|That's a pick in his mouth, not a blue goatee.|
|My boys! Ha..Hayden is blown away.|
When it makes life super busy and you gotta drive kids all over the place...why do you encourage your kids to be involved with e.c. activities? What makes it worth it?
To help them grow and have new experiences. They have a sense of accomplishment, and they feel that they're doing something that matters. They need to be doing something physcial. It helps with their bodies and development. Also, when kids are involved with activities, it tends to keep them out of trouble--they have a focus. Socially it helps kids to learn how to be in groups and socialize appropriately. It doesn't really matter what the activity is, they gain from the experience: knowledge and problem solving.
When have you had to help one of your kids find an activity?
My youngest son, who has high-functioning autism, if he were given the choice, would do nothing. We wanted to help find him an activity that would make him feel successful and involved. We tried t-ball, then swimming lessons. Yeah, remember when his teacher had him tread water and he yelled at her, "What are you trying to do, DROWN ME?!" Yeah, he needed something new. Then, HE asked to do tae-kwon-do, which was the first time he ever showed an interest in any activity. It has been great for him in developing focus and control of his body movements.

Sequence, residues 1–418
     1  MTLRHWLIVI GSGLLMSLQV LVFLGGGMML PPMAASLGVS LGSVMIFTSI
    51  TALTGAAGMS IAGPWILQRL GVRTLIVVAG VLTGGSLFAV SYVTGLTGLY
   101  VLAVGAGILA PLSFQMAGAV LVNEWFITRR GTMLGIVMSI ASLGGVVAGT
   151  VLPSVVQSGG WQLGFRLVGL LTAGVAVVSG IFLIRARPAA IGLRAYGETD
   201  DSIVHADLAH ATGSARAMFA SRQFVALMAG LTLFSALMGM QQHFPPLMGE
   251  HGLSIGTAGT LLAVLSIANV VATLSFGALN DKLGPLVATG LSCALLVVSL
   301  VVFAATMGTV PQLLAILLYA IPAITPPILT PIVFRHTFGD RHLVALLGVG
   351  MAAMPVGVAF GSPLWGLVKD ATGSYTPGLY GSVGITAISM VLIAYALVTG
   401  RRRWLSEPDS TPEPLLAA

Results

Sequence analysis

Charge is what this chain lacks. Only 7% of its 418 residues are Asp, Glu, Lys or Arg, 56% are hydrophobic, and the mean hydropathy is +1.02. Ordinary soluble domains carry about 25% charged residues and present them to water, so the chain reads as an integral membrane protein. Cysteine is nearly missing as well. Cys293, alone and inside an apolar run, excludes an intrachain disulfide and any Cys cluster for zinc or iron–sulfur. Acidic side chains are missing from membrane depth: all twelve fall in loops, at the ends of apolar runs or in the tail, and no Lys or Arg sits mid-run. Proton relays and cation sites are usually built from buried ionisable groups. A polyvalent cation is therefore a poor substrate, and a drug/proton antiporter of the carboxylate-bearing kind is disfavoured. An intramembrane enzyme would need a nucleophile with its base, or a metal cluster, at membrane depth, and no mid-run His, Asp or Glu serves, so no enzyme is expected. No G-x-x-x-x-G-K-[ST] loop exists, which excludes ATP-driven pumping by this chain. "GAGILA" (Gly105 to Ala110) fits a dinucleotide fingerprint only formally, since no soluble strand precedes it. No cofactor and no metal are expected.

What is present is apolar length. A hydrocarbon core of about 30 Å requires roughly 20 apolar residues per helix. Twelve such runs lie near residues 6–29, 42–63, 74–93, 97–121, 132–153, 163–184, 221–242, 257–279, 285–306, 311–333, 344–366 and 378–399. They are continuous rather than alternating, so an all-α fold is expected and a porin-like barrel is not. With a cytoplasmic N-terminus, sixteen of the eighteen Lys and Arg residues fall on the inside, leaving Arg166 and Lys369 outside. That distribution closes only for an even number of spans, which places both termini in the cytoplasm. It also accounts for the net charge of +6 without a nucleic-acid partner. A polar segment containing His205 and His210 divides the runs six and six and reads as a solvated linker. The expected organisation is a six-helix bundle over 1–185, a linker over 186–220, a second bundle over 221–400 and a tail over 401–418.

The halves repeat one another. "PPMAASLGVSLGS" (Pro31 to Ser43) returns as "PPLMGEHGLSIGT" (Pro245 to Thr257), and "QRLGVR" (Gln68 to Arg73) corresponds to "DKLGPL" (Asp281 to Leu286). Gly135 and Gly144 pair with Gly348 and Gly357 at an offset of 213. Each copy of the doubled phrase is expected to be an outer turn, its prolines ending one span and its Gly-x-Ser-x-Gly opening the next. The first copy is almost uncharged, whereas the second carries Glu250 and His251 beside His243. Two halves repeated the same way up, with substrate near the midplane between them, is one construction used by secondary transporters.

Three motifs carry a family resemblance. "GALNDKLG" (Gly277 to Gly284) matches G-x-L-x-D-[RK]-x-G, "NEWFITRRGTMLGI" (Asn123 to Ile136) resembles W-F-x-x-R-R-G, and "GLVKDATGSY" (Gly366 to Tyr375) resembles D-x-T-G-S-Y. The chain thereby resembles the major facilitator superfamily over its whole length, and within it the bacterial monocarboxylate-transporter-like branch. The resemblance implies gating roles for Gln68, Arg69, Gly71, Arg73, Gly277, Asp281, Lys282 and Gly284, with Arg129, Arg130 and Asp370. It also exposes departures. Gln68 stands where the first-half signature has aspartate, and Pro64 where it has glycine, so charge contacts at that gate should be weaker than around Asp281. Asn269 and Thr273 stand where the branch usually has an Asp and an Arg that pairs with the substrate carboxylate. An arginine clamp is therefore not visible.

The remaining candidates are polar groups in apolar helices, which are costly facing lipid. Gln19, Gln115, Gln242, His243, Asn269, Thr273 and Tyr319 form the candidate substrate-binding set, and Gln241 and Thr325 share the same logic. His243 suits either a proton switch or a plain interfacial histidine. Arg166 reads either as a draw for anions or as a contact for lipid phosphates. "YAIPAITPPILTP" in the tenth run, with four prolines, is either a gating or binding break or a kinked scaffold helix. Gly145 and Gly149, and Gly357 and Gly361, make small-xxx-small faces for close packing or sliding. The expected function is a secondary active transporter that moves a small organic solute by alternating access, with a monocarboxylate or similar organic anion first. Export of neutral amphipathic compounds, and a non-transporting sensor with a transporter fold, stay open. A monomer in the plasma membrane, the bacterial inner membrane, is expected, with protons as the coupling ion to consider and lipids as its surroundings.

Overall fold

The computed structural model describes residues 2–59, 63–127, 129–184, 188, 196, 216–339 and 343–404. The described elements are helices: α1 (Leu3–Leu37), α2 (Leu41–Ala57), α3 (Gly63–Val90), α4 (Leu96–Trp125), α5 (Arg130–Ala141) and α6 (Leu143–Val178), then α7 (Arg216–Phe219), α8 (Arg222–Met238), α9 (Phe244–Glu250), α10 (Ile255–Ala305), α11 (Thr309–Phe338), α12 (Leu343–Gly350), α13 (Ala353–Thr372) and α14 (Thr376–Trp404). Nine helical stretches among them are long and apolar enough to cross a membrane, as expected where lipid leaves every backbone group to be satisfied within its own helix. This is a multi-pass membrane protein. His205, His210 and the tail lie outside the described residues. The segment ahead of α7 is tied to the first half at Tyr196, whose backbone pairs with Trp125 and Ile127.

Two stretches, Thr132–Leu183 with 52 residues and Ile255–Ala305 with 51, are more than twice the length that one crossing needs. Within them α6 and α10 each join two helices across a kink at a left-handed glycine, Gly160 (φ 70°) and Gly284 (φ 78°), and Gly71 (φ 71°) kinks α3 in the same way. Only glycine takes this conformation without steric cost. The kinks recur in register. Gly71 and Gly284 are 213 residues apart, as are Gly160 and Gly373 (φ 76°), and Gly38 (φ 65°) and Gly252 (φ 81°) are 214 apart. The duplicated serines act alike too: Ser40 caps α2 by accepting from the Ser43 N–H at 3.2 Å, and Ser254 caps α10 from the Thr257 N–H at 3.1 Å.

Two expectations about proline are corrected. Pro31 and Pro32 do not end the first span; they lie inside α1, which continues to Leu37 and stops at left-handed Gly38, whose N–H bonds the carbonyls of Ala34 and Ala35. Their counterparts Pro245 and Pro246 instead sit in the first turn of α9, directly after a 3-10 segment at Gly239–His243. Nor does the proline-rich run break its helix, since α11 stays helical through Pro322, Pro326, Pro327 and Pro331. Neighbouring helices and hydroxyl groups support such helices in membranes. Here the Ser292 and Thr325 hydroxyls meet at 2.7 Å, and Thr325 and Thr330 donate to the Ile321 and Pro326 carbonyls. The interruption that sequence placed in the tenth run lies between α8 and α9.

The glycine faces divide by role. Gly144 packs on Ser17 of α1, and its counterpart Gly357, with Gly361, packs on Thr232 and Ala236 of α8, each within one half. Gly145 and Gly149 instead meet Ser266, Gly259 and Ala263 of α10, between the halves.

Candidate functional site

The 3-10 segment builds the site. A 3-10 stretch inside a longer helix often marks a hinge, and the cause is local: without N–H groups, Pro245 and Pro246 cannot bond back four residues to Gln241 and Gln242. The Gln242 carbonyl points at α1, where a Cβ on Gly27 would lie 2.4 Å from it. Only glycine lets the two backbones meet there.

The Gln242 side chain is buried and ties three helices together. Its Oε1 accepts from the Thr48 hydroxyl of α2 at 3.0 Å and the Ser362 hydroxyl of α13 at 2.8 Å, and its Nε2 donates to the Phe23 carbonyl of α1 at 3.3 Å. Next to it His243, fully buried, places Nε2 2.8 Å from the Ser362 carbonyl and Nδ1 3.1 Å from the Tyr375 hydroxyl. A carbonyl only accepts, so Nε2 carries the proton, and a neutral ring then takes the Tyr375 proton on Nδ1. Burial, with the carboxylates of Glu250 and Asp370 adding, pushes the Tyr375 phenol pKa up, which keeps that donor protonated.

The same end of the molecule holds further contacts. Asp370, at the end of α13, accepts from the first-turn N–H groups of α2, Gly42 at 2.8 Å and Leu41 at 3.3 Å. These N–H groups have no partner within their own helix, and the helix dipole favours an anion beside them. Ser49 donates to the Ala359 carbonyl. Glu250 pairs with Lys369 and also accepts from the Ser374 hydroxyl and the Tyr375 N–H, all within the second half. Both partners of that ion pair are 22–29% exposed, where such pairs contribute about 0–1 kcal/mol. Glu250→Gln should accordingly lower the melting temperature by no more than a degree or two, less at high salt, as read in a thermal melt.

I started running with him as part of a physical program to increase his stregth. We trained for, and then ran 3 differnt 5ks together. A lot of kids will choose their own thing. With him, whenever anything is new or different, he is going to show fear and resistance. As a parent, you kinda have to let that go and just be positive and encouraging.
|One of their first races together. (Um, did you notice the mountains of SNOW????)|
|After a race!|
|After a cross country meet!|
Sometimes, with a child like Dustin, you plain just stop listening to what they are saying and help them get out of their comfort zone. We realized running was a strength for him, but we had to push him to do track. It was new and he didn't know what it would be like and it involved lots of people, which scared him. He kept saying for days, "When are you going to stop making me do things I don't want to do?" "You're ruining my life!"...etc. Then, the day he started, he told us several times, "This is the worst day of my life!" But he did fine. Now he is doing cross country, and loves it. He is good at it too! Sometimes you have to give them a push into an area you know they can be successful in. You have to know each child and their needs so you can guide them. When they stick with it, give them a lot of praise.
Yes. You have to branch out to embrace the interest that your kid has, even if they're not your own. Spend time supporting them in their interests and even doing it with them. Have an open mind and an open heart. My husband has realized over time that you only have a certain amount of time with your kids; you need to go to them in their interests. For example, my husband and his family have always been in to hunting and athletics...but one of our sons wanted to do art, then later, choir, orchestra, and drama. And my husband attends every play, concert, and art show.